Updated on 10/26/2012 5:35PM

Breeders' Cup: Trainers keeping an eye on Hurricane Sandy

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ELMONT, N.Y. – Oy, Sandy.

The threat of Hurricane Sandy bearing down on the Northeast by the end of the weekend, has given New York-based trainers agita as they prepare to work and ship their horses to Southern California for next week’s Breeders’ Cup at Santa Anita.

As of Friday, there were 21 Breeders’ Cup horses based at Belmont Park, though one, Upgrade, was scheduled to ship via FedEx Saturday. The remaining 20 were booked to leave on Tex Sutton flights from MacArthur Airport in Islip, N.Y., on Monday and Tuesday. Those flights, which actually leave from Lexington, Ky., will stop in Louisville each day to pick up Kentucky-based horses before going on to California.

According to a Tex Sutton representative, those flights could be moved to Newburgh Airport, which has longer runways that are pointed in opposite directions than MacArthur. That could be crucial depending on how strong and from which direction the winds are blowing.

“The fact is you can take off into a strong headwind or tailwind as long as the runways are long enough,” said Larry Ulrich, the East Coast representative for Tex Sutton.

[BREEDERS' CUP 2012: Race-by-race coverage, video, early odds]

On Monday, a Tex Sutton plane is scheduled to leave Lexington, Ky., and go to New York to pick up horses from the barns of Bill Mott (Royal Delta, Flat Out, Ron the Greek, and To Honor and Serve) and Chad Brown (Awesome Feather, Zagora, Watsdachances, Noble Tune, Bail Out the Banks, and Corporate Jungle) as well Shug McGaughey’s Point of Entry, and Mike Hushion’s The Lumber Guy. Mid-Atlantic based horses Eldaafer and Next Question are also booked on the Monday plane. That flight then goes to Louisville, where other horses will board before heading to Ontario Airport in California.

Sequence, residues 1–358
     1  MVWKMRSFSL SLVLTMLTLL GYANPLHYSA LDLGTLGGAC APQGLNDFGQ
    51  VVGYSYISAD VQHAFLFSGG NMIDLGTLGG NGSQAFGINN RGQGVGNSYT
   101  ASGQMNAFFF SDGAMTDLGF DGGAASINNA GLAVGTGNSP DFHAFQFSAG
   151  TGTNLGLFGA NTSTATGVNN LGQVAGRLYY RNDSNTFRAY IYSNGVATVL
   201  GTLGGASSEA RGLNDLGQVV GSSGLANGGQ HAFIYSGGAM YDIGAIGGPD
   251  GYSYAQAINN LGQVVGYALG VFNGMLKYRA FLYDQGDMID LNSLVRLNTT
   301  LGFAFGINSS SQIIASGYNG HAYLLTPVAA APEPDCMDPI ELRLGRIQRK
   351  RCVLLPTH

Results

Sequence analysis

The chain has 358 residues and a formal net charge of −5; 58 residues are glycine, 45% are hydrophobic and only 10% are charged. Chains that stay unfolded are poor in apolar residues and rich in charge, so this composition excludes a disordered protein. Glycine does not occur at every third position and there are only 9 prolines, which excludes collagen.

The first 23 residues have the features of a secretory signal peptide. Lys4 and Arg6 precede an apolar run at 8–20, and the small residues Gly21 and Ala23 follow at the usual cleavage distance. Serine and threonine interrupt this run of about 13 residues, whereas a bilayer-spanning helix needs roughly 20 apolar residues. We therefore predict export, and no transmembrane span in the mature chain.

Tuesday’s flight, which originates from Lexington, goes to New York to pick up the contingent from Todd Pletcher (Kauai Katie, Dreaming of Julia, Shanghai Bobby, and Turbulent Descent) and Tom Albertrani (Brilliant Speed and Belle of the Hall) as well as Mucho Macho Man and Jersey Town. Mid-Atlantic-based horses Grace Hall and Not Abroad are also on that flight. That plane then travels to Louisville to pick up, among others, Fort Larned and Wise Dan before heading to Ontario Airport.

Depending on which forecast you heed, the worst of the storm for the New York area is likely Monday into Tuesday when the winds could be at their strongest and rains at their heaviest.

“The Monday flight, I think that’ll be okay,” Ulrich said. “The Tuesday flight could be a little dodgy.”

According to Breeders’ Cup rules, horses are required to be on the grounds 72 hours before they race. Breeders’ Cup officials have already made plans to have officials meet a delayed plane in Ontario and travel in the van to Santa Anita.

Late Friday afternoon, a Breeders’ Cup official said that if Tuesday’s flight “is delayed on departure so as to affect the 72-hour ship-in rule, Breeders’ Cup security personnel will accompany the horses on the flight so that security protocols are maintained. Breeders’ Cup investigators will also accompany the horses from Ontario Airport to Santa Anita Park to maintain security procedures.”

“As long as there’s a back-up plan it’s good,” said Kathy Ritvo, the trainer of Classic contender Mucho Macho Man.

In addition to worrying about travel, horsemen are also concerned about getting their final works in under dry conditions. There was a 30-percent chance of rain Saturday night into Sunday prompting some trainers to possibly move their works up a day.

“I’m going to continue to monitor it throughout the day, I’m leaning towards working everything [Saturday],” Pletcher said Friday morning. “Depending on which forecast you look at, the rain could hit as early as Saturday night or as late as mid-afternoon Sunday.”

Mott said he would prefer to work his quartet of horses on Sunday, but was prepared to move the works up to Saturday or early Sunday morning, depending on the forecast.

Brown believes that conditions will be okay to work his horses on Sunday.

“We’re all concerned about it,” Brown said. “At the present time it looks like we might be able to sneak the works in Sunday so the training half of the equation we’re optimistic we can get done. Getting out of here on Monday you’re worried about the wind.”

Trainer Kiaran McLaughlin was happy to have his four horses – Alpha, Emcee, Fortify, and Questing – leaving out of Newburgh on Saturday, well in advance of the storm. He did, however, move his own personal travel plans up from Tuesday to Sunday.